Here’s some paraphrased advice from the game: to beat this area it helps if you have one of these 3 super-rare heroes. Otherwise there’s an adequate one by playing a certain dungeon about 100 times. Then play these other areas 100’s of times for about a week for a full set of +speed equipment. Next … .
I was thinking back about other games like this, and realized how hard they worked to not have a strategy. For example, healing characters are tough, do pretty good damage, and don’t heal all that much. Special abilities tend to be minor and difficult to coordinate. Equipment is pre-set. Those game work hard to make nothing matter. You can always play a bit, win something that shows a green “this will make you more powerful” up-arrow, use it, and eventually be able to beat slightly tougher monsters. You never have to ask someone how to beat X. The answer is always the same — get bigger numbers. Those games never get complex, which is on purpose, and the point.
Plarium makes SR:L. To me, they’re known for copying mechanics from other games, scrambling them together in a “see what sticks” style. They’re original, in the sense of never having seen those particular things combined. SR:L seemed pretty well thought-out for them. Then I realized how insane it was: a game for people who like to plan, but are happy pressing the same button for an hour, every day for a week, for a chance to try that plan.
I have to mention the art department. I’m always surprised, even through I shouldn’t be, by how completely separate it is — like a movie with beautiful costumes and sets, but terrible dialogue.
The 100’s of 3D heroes are divided into various factions. The good guys are Telarians and the neutrals are the Gaellen Pact. That sounds like something. There are lots of knight heroes, but divided into the Sacred Order (not that interesting), the Banner Lords (banners? what kind of banners?) and the evil Knights Revenant (undead former-knights). We never learn anything more, but it draws you in. There’s an entire faction of rock trolls, and another of lizardmen. They did a really nice job with variety, but making them look related. The next is the Skinwalkers — whoa! — minotaurs, devil dogs, and other abominations. I think they had a ton of fun designing them, and it shows. The worst thing is the name — there’s nothing about Shadows or Raids in this game.
I can’t recommend it (well, if you’re never played a collectable hero game and want to try one, once, and have a high tolerance to electronic addiction), but if you see someone playing it, ask if you can look through the screens where it shows every hero in the game. Really pretty.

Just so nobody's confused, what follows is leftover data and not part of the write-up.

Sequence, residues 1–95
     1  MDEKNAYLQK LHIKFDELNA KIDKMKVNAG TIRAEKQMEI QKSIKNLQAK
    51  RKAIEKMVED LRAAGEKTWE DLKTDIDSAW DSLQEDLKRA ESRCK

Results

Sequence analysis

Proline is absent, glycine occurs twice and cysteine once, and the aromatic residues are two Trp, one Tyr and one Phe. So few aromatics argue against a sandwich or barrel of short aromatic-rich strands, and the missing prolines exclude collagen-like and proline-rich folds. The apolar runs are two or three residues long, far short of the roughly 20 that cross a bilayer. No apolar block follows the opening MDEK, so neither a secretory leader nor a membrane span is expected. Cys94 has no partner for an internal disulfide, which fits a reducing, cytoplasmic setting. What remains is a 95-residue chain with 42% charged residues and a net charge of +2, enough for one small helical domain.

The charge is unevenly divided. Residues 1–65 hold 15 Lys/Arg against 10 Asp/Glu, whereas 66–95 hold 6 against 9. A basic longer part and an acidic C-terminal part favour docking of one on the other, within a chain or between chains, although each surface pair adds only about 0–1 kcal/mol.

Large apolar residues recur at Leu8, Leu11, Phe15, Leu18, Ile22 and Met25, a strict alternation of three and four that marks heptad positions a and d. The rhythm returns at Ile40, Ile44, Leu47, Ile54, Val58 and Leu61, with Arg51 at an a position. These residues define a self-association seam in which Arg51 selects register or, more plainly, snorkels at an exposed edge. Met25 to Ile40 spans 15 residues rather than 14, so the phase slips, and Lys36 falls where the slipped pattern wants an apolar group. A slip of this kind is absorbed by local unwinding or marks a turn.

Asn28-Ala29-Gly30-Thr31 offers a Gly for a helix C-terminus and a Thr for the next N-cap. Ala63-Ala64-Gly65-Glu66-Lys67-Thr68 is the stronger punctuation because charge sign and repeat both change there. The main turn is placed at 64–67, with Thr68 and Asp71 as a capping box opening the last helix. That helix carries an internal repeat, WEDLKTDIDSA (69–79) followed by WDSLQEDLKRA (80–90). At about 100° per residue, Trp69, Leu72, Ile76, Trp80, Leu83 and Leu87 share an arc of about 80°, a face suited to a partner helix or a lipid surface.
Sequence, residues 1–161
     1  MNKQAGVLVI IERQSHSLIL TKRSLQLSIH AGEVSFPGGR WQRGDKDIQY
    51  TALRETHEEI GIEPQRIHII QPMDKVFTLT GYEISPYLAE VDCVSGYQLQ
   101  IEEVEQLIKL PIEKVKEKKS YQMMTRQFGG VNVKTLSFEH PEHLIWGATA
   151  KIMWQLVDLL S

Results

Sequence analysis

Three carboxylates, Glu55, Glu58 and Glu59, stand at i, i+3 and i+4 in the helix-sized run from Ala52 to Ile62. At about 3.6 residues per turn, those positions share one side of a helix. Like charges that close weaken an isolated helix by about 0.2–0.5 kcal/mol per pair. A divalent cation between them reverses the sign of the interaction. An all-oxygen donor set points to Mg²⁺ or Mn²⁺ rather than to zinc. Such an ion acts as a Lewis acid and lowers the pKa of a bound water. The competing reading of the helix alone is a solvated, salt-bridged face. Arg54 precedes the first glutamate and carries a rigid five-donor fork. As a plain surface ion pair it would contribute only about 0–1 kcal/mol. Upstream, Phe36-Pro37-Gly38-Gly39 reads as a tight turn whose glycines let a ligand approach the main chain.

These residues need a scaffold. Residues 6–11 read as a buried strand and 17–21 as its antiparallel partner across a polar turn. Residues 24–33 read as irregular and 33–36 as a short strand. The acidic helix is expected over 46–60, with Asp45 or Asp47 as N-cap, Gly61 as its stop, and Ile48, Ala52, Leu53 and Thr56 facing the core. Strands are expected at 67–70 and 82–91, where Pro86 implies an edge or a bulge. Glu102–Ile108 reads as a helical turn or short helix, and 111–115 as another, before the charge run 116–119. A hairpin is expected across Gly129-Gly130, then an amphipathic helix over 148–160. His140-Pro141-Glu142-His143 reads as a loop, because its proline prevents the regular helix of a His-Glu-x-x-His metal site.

The MMO Black Desert Online hasn’t done too badly, and I don’t know why since it doesn’t have anything fun to hit with your sword. Then it somehow makes up for that by having one of the most painful ways of upgrading your sword, while it continues to be no fun to use.
Technically the game has world player-vs-player, which is fun if you like that stuff. But it really doesn’t. The killed player loses nothing and doesn’t even respawn that far away. Meanwhile, the attacker loses good-guy points. To make it worse, PvP assumes everyone is on South Korea’s blazing fast local internet. It doesn’t account for lag well enough to keep world PvP from being guessing and luck.
To annoy players more, once you reach high level the game changes your skills. The archer gets it worse — they change to a swordsman; but everyone gets to relearn a playstyle they didn’t want. Years after release the game added the option to keep your old skills, but still messed it up. You switch over to the new set, but you can now check the internet for how to switch back.
Upgrading gear uses a not uncommon money and luck system — a week of income spent at the auction house for stuff giving you a 70% chance at another +1 bonus to your gloves. BDO’s is even more poorly explained and complicated, which is somehow a point of pride. For example, there’s an item to store enchantment failure bonuses. Huh? It turns out that each time you fail to enchant an item you get a small, cumulative bonus towards the next attempt. That’s common enough. But a clever BDO player can exploit that by failing to enchant a cheap, low-chance item, building up the failure bonus, then switching in the item you really want. Or, the ultimate — save that failure bonus in an item until you have several. This is somehow fun.
To sum up, I get how MMO’s have fun parts interleaved with boring grinds. I don’t get how BDO cuts out the fun part and is still popular. It’s endgame is making money by farming, fishing, crafting, and possibly spending hours running in a circle mowing down monsters like wheat. Then spending that money to be slightly better at farming, fishing, crafting and running in a circle mowing down monsters like wheat. There are perfectly good games like that — constantly playing with systems to get the highest cash/hour. It’s just weird for an MMO to turn into that.